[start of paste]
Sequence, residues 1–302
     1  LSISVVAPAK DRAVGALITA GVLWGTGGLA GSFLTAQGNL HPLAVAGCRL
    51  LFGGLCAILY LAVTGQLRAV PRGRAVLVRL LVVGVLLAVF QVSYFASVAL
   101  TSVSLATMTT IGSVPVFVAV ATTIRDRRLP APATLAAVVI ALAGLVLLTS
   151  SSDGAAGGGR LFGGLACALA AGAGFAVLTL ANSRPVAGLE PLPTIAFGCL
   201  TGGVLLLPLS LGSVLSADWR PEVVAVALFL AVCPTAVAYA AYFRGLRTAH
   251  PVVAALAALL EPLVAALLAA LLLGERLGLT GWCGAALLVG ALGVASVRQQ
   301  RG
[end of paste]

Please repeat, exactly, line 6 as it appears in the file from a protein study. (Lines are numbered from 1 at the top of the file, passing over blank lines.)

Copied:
   201  TGGVLLLPLS LGSVLSADWR PEVVAVALFL AVCPTAVAYA AYFRGLRTAH